The summer of 2002 was almost half a lifetime ago for me—I was 14 and had just driven out to California from Iowa with my family, and visited San Francisco in the process. That summer marks the last time I was in San Francisco, as well as the last time I had been away from school or work for more than a month. On September 12, 2016 (my 29th birthday), I will set forth on a running journey from San Francisco to New York City to break the fastest crossing of the US by foot, which has stood at 46 days and 8 hours since 1980. I’ll have an amazing four person support crew to back me up—Dean Hart, Chuck Dale, Cinder Wolff, and Trasie Phan—along with many others helping out remotely.


2016 has been a very up and down year for me—starting the year fresh off 163 miles in 24 hours at the Desert Solstice Track Invitational and a trip to Jamaica with the wife, to dropping (DNS and DNF) from several races planned in the springtime due to becoming severely anemic and low in iron. I debated giving up running altogether, but with some great advice from fellow runners and family, got back on my feet to finish my first race of the year at the Western States 100 in June in under 20 hours. I followed that up on fresher legs with a sub-22 hour course record at the STYR Labs Badwater 135, aka the “World’s Toughest”. Coming off that race, I quickly ramped up my mileage to log just over 900 miles in August with relatively solid workout splits in the 7-8 minute per mile range.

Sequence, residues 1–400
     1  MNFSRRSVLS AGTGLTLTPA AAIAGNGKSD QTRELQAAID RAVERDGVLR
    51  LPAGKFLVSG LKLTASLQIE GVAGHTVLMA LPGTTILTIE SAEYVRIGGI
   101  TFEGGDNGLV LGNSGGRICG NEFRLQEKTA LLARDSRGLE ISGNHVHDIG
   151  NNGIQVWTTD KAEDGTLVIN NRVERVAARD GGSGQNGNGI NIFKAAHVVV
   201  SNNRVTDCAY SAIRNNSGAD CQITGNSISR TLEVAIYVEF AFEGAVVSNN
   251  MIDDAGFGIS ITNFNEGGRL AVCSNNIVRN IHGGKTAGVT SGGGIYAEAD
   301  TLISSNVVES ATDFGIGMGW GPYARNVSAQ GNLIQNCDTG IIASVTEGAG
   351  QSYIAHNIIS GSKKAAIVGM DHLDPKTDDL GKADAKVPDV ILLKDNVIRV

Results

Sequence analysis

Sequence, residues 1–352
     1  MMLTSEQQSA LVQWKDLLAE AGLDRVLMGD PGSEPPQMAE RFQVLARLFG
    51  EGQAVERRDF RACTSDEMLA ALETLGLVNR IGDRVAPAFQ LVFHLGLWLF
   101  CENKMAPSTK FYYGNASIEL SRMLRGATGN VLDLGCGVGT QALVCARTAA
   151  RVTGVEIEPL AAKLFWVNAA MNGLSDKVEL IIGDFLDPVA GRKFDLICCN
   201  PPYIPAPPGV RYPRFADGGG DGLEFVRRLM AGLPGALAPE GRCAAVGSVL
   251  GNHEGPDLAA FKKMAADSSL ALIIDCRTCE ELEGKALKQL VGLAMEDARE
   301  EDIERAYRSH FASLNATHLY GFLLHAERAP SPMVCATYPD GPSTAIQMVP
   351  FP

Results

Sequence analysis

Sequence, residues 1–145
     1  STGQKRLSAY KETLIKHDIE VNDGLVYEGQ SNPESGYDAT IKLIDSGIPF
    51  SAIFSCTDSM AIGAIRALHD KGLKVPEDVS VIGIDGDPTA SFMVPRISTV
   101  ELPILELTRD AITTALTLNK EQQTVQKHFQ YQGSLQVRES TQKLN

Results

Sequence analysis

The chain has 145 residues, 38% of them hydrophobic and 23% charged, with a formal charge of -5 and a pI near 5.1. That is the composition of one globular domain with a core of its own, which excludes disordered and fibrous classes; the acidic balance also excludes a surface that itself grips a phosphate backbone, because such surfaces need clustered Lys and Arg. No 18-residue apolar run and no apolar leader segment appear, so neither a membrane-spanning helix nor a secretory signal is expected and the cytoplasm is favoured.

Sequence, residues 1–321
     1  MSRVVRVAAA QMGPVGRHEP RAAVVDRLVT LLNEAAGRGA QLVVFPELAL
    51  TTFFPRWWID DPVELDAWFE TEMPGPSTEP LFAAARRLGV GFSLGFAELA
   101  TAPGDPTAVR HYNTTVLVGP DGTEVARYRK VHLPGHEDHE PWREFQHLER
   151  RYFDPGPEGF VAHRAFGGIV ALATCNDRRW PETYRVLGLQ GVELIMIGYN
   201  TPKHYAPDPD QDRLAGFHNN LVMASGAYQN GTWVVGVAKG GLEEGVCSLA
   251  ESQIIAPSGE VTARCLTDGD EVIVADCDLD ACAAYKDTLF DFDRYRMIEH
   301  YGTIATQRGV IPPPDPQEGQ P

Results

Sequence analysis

To break this record, I will need to achieve roughly 500 miles per week. I have no idea what that feels like aside from a 423 mile jaunt across Iowa in seven days in 2013. Lady America will smile, grab me by the hand, and take me for a dance before winding up to slam me into the pavement multiple times. Then she’ll go to work on me—she’ll torture me with fire until my skin peels and my eyes burn, she’ll deprive me of sleep, and she’ll make me confused and irrational. If I can survive her treatment of my legs, feet, skin, stomach, and mind, she may reward me in the end.